Focus View
General offers should not short-change minorities
FocusM team | 19 Oct 2017 20:19
The recent spate of takeover offers by controlling shareholders of listed companies has raised a pertinent issue – are minority shareholders being short-changed? 

In many of these cases, the price offered is far below the initial public offering (IPO) price when these companies went public.   

Usually, in a general offer (GO), a controlling shareholder will offer to pay a slight premium when bidding for the remaining shares he does not own. Sometimes, it could also be at a discount. 

In most GO cases, a common reason given is that the controlling shareholder is disappointed with the price performance of the shares and hence wants to take it private. 
But what about the minorities? Let’s say the company’s IPO price was RM1.50. Within a span of three years, the shares gradually slip to 50 sen while its net asset value (NAV) is 90 sen.
The controlling shareholder makes a GO for 55 sen, which is 10% above the market price. Minorities are told they should be grateful they are being offered a premium.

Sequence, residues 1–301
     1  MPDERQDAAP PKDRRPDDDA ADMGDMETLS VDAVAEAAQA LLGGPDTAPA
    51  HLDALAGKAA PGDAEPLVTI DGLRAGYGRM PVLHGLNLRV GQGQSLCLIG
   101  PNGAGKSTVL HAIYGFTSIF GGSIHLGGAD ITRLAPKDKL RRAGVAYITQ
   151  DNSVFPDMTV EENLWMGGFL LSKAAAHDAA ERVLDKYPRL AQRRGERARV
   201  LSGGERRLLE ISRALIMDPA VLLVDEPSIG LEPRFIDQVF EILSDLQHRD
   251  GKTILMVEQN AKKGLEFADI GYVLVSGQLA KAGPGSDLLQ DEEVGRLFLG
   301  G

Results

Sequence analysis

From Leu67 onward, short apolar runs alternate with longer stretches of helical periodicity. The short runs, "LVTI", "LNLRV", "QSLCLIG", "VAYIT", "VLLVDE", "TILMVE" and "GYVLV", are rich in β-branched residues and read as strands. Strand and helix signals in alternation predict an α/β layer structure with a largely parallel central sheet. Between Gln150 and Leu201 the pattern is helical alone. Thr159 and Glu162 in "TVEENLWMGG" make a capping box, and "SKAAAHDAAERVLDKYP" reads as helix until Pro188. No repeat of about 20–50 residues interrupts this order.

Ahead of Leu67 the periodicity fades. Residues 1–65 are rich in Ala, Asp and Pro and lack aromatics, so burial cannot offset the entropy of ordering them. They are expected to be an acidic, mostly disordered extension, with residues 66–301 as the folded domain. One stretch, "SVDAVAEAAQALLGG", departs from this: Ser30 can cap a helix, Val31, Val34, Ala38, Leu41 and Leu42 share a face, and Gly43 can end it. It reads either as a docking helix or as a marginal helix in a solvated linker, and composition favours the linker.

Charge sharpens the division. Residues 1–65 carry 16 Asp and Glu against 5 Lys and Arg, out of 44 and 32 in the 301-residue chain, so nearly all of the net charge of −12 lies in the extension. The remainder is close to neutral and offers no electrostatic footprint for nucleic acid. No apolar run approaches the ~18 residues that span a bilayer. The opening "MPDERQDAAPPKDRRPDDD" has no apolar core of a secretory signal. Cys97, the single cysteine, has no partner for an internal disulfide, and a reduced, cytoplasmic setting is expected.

But 55 sen is significantly below the NAV and nearly one-third the IPO price. What’s the use of offering a premium to the market price when in fact it is way below the IPO price?

The minorities would have bought at RM1.50 during the IPO based on all the promises in the prospectus and glowing analyst reports.

But after three years, all they get back is 55 sen, suffering a loss of 95 sen or 63%. Worse, the controlling shareholder may asset strip the company and recoup his investment following the GO. 

In other words, he takes the company private on the cheap. So shouldn’t the controlling shareholder have been compelled to make a GO of RM1.50 or the NAV of 90 sen at least? 
It raises the question of how fair takeover offers are. Should there be new rules to ensure minority shareholders’ rights are taken care of?

It’s easy for regulators to say investors should do their homework  and take the risk when subscribing to IPOs. But what if the company is mismanaged following the IPO? 

In such cases, the least the authorities could do is to ensure minorities get a fair deal from unscrupulous controlling shareholders. 

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